Transform Data Using Replace

Transform data in a column using a simple pattern match or a regular (regex) expression. For example, in a State column, you might change CA to California.

You can use any Perl Compatible Regular Expression (PCRE), which are also referred to as regex expressions. Transforms are applied to every applicable row in a dataset.
  1. On the Home page, open a dataset or workbook.
    • Hover over the dataset, click Actions (Actions menu ellipsis icon), and then select Open. In the Data Diagram or Join Diagram, right-click a data source and click Open to display the transform editor.
    • Hover over the workbook that contains the dataset, click Actions (Actions menu ellipsis icon), then select Open, then click Data. In the Data Diagram or Join Diagram, right-click a data source and click Open to display the transform editor.

    Note:

    Oracle Analytics displays a Data Diagram for single-table datasets or a Join Diagram for multi-table datasets.
  2. Hover over or select the text column that you want to transform.
  3. Click Options at the base of the quality tile, then click Replace.
    Tip: To replace more than one value at the same time, use the Replace Value List option.
  4. In the Replace step editor, specify how you'd like to match values. For example:
    • Click Use regular expression to match using a complex regular expression (regex).
    • Click Match entire values only to change "male" to "M" but not "female" to "feM".
  5. In the String to replace field and New string field, specify the literal text or regular expressions to search and replace (case-sensitive).
    Examples:
    • To change "2553 Bolman Court" to "2553 #Bolman# #Court#", select Use regular expression, enter ([A-Za-z]+) in the String to replace field, and enter #$1# in the New String field.
    • To change "male" with "M", select Match entire values only, enter male in the String to replace field, and enter M in the New String field. . This changes "male" to "M" but won't change "female" to "feM".

    When you complete both fields, you see a preview of the transformed data in the preview pane. Adjust the replace options until you get the transformation you want in the preview pane.
  6. Click Add Step.
    Oracle Analytics adds a step to the Preparation Script panel.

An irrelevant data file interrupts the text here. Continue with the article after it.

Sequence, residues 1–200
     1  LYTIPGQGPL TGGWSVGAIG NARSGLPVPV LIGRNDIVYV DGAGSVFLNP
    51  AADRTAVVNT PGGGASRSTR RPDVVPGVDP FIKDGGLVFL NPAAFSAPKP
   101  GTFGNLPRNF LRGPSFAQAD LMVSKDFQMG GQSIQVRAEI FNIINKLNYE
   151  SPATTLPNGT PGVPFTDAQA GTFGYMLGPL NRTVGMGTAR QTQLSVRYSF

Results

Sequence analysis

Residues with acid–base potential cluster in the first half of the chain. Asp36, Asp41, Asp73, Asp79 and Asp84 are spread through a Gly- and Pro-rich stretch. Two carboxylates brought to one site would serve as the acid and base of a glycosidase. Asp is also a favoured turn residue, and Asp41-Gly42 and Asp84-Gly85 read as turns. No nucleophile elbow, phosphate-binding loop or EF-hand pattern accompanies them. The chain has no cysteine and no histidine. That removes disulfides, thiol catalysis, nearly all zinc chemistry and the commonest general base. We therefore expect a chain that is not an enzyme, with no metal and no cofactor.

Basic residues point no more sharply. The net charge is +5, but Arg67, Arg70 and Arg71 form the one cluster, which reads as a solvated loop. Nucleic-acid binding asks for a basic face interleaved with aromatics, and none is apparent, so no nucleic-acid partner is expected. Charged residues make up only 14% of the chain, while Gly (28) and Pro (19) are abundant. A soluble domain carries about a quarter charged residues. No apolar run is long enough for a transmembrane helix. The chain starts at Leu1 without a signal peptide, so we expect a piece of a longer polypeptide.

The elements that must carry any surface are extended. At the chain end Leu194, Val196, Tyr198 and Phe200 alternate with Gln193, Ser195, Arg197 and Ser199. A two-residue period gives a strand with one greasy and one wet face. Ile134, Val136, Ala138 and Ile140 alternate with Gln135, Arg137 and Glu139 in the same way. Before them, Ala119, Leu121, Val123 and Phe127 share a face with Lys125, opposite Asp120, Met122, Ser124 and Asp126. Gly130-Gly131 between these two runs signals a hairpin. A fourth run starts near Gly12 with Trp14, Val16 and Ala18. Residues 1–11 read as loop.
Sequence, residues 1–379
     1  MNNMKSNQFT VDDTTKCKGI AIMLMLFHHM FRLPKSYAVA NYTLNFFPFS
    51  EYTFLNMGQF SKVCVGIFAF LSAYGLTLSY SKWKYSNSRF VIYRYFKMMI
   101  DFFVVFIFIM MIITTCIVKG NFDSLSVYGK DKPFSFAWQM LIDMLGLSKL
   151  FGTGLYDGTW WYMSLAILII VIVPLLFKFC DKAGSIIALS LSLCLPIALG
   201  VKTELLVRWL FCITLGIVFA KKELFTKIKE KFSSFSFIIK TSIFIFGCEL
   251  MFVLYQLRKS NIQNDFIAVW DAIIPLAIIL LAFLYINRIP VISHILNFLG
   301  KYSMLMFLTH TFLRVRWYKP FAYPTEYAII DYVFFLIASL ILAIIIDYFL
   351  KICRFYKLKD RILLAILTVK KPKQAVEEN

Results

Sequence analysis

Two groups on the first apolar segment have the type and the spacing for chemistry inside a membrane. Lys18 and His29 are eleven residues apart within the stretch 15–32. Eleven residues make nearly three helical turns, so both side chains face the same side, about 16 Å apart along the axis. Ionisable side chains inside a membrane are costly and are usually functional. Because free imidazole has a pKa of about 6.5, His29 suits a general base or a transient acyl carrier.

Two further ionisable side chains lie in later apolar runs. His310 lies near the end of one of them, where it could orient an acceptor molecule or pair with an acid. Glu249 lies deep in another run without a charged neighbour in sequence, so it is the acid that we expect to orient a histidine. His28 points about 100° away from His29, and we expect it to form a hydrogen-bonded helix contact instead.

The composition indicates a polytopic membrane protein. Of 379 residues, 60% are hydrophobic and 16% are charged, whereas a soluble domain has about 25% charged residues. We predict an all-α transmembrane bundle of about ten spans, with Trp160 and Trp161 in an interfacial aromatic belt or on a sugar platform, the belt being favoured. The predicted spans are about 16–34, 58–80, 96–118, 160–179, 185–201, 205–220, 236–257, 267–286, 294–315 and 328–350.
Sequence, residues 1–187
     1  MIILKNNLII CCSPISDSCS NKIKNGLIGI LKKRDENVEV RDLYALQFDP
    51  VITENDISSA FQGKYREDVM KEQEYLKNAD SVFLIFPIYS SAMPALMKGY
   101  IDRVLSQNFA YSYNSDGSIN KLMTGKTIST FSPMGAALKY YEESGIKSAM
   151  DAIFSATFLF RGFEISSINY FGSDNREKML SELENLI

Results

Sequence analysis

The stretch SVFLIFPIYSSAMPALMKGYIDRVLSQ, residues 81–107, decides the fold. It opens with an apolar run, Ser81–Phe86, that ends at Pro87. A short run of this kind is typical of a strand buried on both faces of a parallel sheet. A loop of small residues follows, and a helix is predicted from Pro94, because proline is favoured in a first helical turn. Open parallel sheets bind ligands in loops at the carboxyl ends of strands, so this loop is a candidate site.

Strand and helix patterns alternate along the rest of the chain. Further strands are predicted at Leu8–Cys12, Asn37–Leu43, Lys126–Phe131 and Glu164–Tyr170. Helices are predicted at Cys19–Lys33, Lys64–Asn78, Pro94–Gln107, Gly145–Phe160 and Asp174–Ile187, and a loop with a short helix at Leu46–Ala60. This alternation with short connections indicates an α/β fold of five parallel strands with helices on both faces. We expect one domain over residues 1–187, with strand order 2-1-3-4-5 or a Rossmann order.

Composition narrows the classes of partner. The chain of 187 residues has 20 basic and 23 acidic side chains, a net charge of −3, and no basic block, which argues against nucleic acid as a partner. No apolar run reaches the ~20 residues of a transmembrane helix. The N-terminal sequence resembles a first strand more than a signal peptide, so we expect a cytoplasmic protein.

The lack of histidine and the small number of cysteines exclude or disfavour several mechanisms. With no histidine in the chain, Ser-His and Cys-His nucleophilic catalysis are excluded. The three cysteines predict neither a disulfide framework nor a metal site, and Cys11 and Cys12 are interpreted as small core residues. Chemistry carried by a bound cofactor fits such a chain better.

7. To save your data preparation changes and apply them to your data, click Save.

Example Replace Transforms Using Regular Expressions

Here are just a few examples of using regular (regex) expressions to transform data.

In these examples, the Search Expression shows what to enter in the String to replace field, and the Replace Value shows what to enter in the New string field.

Table 4-1 Example replace transforms

Search Expression Replace Value Original Text Replaced Text Notes
@([a-z]+)(?=\.[a-z]{3}) @example MichelePFalk@yahoo.com MichelePFalk@example.com This example replaces domain details in email addresses.
^Gray|Grey$ Silver

Grey

Gray

Graystone

Silver

Silver

Graystone

The ^$ characters mean only look for entire string matches. The vertical bar is the regular expression for OR, so in this case the regular expression looks for either "Gray" or "Grey" and replace with "Silver".

The string Graystone isn't transformed because the regular expression is looking for entire value matches only.

\d+ 9999

8398 Park Street

123 Oracle Parkway

9999 Park Street

9999 Oracle Parkway

This regular expression looks for one" \d" or more "+" digits and replaces them with "9999". The replace also works when the original text has only three digits.
([A-z]+)(\d+) $2

UA101654

US829383

101654

829383

This regular expression is looking for one "[A-z]" or more "+" consecutive letters followed by one" \d" or more "+" digits - each of the two expressions is bounded by parentheses, which captures two groups - the first one ([A-z]) and the second one (\d+) - these groups are numbered automatically and can then be used in the replacement by using the dollar sign for the second group, for example, "$2".
([A-z]+)(\d+) Postal Code: $2

UA101654

US829383

Postal Code: 101654

Postal Code: 829383

This example uses the same match expression as the previous example, except that it shows how to insert your own replacement text in addition to a group. Text can be inserted before and after a recalled match group.